wellist helps your friends help you with caregiving

The list of things that need to happen when a loved one is diagnosed with a serious illness is huge…and keeps changing. There’s so much research to be done, doctors chosen, appointments scheduled, records requested, insurance disputes, disability claims, trips to the pharmacy, someone to pick you up after appointments. Your life is taken over by the endless task of coordinating care.

But the world doesn’t pause after diagnosis.

When I ask caregivers how we can better support them, the answer is always ‘come clean my house.’

The laundry keeps piling up, the dog still needs to be walked, the utilities need to be paid, the kids still need rides to parties and someone to make dinner. What about work? How are you going to pay for all of this?

Ashley Reid founded Wellist to help you shorten your to-do list. Wellist helps your support network take over the little things so you can focus on what’s really important.

One of the biggest issues faced by family caregivers is that you don’t know what other people can help you with — and people who want to help you don’t know how.

This not knowing what to do makes things more stressful for everyone — and can have serious consequences. A strong social network of family and friends provides patients with a level of care that can’t be matched by social workers and home health aides.

Forty percent of health outcomes can be attributed to social and economic factors, like safe housing and healthy food. “If you can’t get ride to your appointment, you can’t get your cancer treatment,” explains Reid. Wellist is your key to non-clinical care.

Wellist addresses those factors two ways: by connecting caregivers and patients to reliable service providers and helping them get the financial support they need.

Caregivers don’t always know what they’ll need until they need it, leaving them to scramble to find service providers. Doctors are restricted from recommending for-profit services, so patients and caregivers are left to wade through listings on their own. Wellist solves both of these problems by helping patients and their families understand what services they might need and providing verified listings with reviews from other patients.

Once caregivers have figured out what services they need, there’s still the matter of paying for it. Wellist makes it easy to share a list of the services needed so friends and family can make donations. All of the money donated — 100% — goes directly to the patient.

Covering the cost of parking or make sure groceries get delivered is something that’s easy for loved ones to chip in for. People want to help and are happy to know what you need. And it’s one less thing for you to worry about.

Wellist is a young company, but they’ve got support from MGH Cancer Center, Beth Israel Deaconess Medical Center, and Quest Diagnostics. Thanks to these partners, Wellist is free for users.

Create your Wellistry today and they’ll give you $15 to get you started.

Written by Cori Carl
As Director, Cori is an active member of the community and regularly creates resources for people providing care.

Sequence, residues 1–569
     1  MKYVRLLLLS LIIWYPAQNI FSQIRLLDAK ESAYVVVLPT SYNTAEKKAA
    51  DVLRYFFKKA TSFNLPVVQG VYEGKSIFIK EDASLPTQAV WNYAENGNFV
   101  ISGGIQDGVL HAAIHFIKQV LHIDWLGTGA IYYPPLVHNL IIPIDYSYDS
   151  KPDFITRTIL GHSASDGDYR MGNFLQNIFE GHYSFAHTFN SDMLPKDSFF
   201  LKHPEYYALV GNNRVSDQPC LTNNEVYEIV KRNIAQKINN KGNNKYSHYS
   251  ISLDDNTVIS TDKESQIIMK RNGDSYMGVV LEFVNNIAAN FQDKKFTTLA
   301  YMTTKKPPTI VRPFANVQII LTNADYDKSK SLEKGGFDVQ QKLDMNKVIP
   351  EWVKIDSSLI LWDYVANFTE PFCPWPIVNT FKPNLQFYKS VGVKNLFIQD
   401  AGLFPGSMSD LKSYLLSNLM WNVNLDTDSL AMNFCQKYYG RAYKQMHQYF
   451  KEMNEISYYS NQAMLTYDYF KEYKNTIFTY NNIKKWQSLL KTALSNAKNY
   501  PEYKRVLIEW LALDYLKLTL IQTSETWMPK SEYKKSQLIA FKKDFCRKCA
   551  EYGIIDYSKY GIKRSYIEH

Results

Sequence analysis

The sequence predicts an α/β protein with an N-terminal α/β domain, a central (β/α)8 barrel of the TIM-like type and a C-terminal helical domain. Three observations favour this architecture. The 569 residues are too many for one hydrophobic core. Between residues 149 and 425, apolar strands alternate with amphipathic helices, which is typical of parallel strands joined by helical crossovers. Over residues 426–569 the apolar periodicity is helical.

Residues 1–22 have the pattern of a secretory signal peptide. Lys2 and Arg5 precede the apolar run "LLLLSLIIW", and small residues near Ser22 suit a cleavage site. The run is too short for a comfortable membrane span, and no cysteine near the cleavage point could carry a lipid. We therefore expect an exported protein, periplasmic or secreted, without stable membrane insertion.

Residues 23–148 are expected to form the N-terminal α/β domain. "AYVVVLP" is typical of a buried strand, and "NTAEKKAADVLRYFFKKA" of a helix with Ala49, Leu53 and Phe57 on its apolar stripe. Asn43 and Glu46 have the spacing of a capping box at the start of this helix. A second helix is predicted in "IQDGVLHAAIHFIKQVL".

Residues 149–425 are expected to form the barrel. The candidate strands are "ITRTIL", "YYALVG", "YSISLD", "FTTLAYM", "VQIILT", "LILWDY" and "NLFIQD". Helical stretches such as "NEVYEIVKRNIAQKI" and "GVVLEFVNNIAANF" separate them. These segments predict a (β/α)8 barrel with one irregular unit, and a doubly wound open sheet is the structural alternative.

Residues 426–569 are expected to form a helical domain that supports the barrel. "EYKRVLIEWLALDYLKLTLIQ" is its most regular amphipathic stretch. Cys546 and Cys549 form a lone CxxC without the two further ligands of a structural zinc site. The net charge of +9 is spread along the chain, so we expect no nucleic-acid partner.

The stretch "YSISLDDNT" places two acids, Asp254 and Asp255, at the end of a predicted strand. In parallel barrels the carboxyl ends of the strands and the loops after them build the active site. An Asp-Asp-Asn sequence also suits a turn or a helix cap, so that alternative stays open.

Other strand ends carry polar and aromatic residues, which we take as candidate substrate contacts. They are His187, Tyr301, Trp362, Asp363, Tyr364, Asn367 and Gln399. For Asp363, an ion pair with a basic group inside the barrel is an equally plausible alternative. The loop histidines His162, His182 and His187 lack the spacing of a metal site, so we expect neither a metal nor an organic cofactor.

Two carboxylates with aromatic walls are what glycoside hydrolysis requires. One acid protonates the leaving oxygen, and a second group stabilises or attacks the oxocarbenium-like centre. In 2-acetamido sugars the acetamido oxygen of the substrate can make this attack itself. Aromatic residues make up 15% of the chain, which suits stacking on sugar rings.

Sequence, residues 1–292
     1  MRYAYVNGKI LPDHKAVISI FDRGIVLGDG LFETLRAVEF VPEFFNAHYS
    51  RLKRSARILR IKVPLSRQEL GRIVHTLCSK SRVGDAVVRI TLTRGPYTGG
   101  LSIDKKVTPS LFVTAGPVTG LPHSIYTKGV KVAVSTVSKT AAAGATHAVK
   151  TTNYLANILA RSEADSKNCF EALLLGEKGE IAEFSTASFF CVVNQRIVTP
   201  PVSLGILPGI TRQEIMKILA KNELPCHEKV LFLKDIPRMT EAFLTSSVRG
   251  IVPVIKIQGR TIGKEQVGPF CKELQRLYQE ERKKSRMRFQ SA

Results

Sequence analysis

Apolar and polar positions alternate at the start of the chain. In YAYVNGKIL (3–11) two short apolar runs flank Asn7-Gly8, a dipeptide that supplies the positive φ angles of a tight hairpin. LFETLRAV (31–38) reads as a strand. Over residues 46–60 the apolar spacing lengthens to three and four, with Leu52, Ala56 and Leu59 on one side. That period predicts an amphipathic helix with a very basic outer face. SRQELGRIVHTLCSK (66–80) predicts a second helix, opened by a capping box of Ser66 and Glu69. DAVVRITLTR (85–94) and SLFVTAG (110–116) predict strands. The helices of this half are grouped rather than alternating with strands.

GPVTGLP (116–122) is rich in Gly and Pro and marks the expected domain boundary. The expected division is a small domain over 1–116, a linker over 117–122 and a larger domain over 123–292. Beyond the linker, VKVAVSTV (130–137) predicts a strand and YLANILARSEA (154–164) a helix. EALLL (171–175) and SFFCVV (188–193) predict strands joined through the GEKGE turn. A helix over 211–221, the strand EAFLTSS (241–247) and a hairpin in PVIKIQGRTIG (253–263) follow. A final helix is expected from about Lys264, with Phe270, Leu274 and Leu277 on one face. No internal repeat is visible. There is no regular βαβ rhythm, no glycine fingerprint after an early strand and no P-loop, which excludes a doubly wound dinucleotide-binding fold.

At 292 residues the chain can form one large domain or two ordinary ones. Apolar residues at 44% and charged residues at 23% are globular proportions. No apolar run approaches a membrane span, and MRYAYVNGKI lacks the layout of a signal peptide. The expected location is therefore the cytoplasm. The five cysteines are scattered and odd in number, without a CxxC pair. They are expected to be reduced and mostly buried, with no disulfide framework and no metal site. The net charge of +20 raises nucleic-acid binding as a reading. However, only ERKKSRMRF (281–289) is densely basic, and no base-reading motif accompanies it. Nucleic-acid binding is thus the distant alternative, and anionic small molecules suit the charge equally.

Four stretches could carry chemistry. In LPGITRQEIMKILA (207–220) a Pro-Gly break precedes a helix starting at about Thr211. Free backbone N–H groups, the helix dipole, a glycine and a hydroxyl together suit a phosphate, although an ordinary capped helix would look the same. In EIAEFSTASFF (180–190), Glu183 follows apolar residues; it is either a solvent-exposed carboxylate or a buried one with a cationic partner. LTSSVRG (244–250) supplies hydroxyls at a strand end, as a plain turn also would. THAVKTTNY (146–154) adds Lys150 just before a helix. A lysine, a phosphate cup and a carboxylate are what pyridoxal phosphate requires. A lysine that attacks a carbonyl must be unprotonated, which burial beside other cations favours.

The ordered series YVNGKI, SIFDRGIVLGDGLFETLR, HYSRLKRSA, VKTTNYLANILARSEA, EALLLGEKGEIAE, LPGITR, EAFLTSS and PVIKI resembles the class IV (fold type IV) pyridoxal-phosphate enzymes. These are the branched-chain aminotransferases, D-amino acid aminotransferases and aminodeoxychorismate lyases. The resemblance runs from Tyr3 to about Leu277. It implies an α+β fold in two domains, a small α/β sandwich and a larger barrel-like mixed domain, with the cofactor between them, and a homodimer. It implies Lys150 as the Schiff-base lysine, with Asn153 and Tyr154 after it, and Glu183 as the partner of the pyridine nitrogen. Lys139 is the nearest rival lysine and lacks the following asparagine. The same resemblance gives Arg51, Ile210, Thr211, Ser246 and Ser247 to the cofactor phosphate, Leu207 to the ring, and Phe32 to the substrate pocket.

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  1. I completely understand Lisa. I’ve gone down to a 4 days per week work schedule hoping we can schedule most appointments on my day off. My husband is having some procedures done today, so I’ve needed to take yesterday off to help him prepare for today, and will need tomorrow off (potentially) to monitor the day after his procedure. My feeling is leaning towards guilt more than embarrassment. Hang in there. You are not alone.

  2. Lisa, you must have read my mind. your comment reflects me to a tee. I have (for a year now) cancelled my appointments to take care and tend to my husbands appts. and needs. In doing this it leaves me second on the list of to do and I simply don’t have the energy for both. I don’t. I admit defeat. It’s like the blind leading the blind. The relief I get is we are lucky and fortunate enough to have our adult son living with us now. I’ve noticed in this last year however his anxiety has hit a record high. It’s simply unfair to him as he’s still a young man and needs a life. All while our oldest 2, ages 41 and 39 carry on as usual with their families. leaving little brother again to place his life on hold. They know he would never leave me alone in the situation we currently are in. It’s a sad thing when families don’t pull together. We were middle class and a large 401 and since the disabilities it’s like , hmm if you get what i’m saying. It’s heartbreaking to me. I’m even taken them of my advance care directive. not out of will but out of any part of my health decisions.

    Overnight we went from a fit family to a family with judgement, major financial changes, insurance, etc. overwhelming coupled with cat scans, mri’s eeg, all the tests after a stroke ….and then depression with the my husband and stress for myself and son. My husband started with the ‘pity’ shortly after the stroke. I would not pity that. Harsh? yes, He did nothing to improve his life before or after his stroke. sneaking snacks, not taking certain meds (he wanted to decide which ones he should take) not the doctors. It’s be and is challenging.

    Our oldest son’s are at a point that they have little to no contact with us and when they do it causes more stress.
    They want more to be done yet have NO solutions, won’t call or come to the doctor’s with us. Only negative feedback so I made a decision that if they can’t be positive they are not welcome here or calling.

  3. Yes, we average 3 appointments every month, out of the area. I know that doesn’t sound like many, but I need to take time off work (sometimes a whole day at a time) and it really adds up. When I need an appointment, I’m embarrassed to ask for more time away.


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